By mid-afternoon, I had arrived in Louisiana, and decided to take a brief detour. I got off at one of the first exits across the Mississippi/Louisiana border, and for the first time in years drove into Slidell, my old hometown. The place still had a sort of rundown, beat-up, hangdog feel about it - Slidell to me always felt like it was only a couple of steps removed from reverting back into the swampland from which it had been carved out of. I took the car back to my old neighborhood on the far eastern edge of town, hard by the Pearl River, driving down a mile and a half down a dark ribbon of narrow road, threatened on either side by glowering oak and cypress trees heavily veiled in kudzu. The area had been flooded once when we lived there, and apparently had at least one other flood in the intervening years. But the current residents were doing what they could to fight back and hold on; in a couple of cases, homeowners had raised their houses on stilts. Being back there, going down that road again, seeing that beaten down neighborhood attempting to keep up appearances against the inevitable - it was all pretty depressing. I didn't linger for long; I just couldn't take very much of it. Whatever lingering nostalgia I had for the place was wiped out by that visit; I've never been back. I was eager to finally get to New Orleans and shake the sights and memory of my old living place out of my head.
While wandering through the bars and shops in and around Bourbon Street, I had a completely unexpected encounter with one of my former Naval Academy classmates, who I hadn't seen since our graduation a year earlier - I suppose this person, who at that time was in flight school in Pensacola, Florida, apparently felt the same sort of urge I felt that drew them to New Orleans. They were known for being a renowned party maniac back at Navy, so I really shouldn't have been surprised by their presence there. I ran smack-dab into this person as they were reeling down the middle of the street; it was obvious that they arrived much earlier to the city than I had, and had no compunctions about partaking liberally in the refreshments being offered. Despite this person's obviously inebriated condition, they immediately recognized me and screamed happily as I was enveloped in their sloppy bear hug. I was practically knocked to my knees, not from the unsteady impact of the collision itself, but moreso from the powerful booze fumes wafting off out of their lungs and off of their body - it was like they had been swimming in rum. This person's left hand clutched a big plastic cup containing the dregs of the latest in a series of Hurricane cocktails drained during the day; as I was pulled in, they managed to dump a goodly portion of these remnants down my back. Despite all of this, I was happy to see a familiar face. I tried to carry on a conversation, but my attempt was brief, as this person was too far gone to comprehend much of what I was saying, and in no condition to respond. After a while, they just sort of wandered off down the street, and that was that. A weird encounter, but one par for the course during Mardi Gras.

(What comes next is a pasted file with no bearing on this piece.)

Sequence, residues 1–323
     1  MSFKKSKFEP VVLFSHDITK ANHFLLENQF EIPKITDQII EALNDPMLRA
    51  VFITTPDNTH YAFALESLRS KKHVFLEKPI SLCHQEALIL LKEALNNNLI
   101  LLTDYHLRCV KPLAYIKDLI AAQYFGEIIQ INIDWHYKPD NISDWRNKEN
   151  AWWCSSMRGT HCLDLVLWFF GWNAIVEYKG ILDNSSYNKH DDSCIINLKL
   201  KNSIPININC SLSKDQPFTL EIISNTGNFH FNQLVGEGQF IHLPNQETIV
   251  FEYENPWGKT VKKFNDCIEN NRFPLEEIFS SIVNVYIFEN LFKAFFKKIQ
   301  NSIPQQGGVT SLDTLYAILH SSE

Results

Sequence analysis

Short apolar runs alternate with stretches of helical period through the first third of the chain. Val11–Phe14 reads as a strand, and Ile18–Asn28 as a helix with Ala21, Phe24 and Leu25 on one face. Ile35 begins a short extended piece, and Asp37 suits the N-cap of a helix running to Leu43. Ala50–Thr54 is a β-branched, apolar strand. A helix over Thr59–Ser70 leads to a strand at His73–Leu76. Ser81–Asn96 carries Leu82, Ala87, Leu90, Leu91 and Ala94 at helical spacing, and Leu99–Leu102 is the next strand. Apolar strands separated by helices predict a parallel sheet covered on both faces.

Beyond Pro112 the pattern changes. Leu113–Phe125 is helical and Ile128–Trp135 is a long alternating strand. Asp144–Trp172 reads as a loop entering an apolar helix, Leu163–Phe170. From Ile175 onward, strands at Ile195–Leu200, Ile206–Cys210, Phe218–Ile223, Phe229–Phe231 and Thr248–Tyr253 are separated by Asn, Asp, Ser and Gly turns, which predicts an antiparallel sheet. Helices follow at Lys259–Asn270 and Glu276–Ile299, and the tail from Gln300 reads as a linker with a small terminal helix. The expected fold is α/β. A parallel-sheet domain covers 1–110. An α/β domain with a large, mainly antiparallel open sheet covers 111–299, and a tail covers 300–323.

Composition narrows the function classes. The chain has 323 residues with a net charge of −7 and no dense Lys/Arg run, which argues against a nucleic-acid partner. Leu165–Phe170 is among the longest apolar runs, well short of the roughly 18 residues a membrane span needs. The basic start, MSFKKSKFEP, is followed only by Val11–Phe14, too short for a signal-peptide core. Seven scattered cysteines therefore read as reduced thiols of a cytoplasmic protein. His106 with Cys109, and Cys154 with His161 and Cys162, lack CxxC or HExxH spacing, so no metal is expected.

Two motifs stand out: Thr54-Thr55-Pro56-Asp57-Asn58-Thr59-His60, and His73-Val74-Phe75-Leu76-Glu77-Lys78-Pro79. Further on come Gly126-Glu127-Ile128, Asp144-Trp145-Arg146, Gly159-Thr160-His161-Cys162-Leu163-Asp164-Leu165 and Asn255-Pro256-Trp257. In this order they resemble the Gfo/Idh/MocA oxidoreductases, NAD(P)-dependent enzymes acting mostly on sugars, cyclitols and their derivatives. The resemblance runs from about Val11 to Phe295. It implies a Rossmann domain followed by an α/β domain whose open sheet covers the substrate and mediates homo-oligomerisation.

[Note that I have refrained from providing any specifics identifying this person, as I have no desire to impugn their current status and reputation - the next time I saw them was years later, on television, where they were part of the crew on the International Space Station. Funny how people turn out . . .]After a few hours of wandering around, dodging drunks, poking my head into shops and listening to music, I got a little tired of fighting the crowds and weirdness - I was starting to feel a little like Yossarian in Rome. It was getting towards dusk, so I decided to make my way over the waterfront area for a bite to eat; I figured it might be less crowded down there than in the French Quarter. I made my way south, looking for a decent-looking restaurant. But en route, I came across the local Tower Records store (now long gone) a couple of blocks south of Bourbon Street, close to the riverfront. Of course, I decided to step inside for a bit.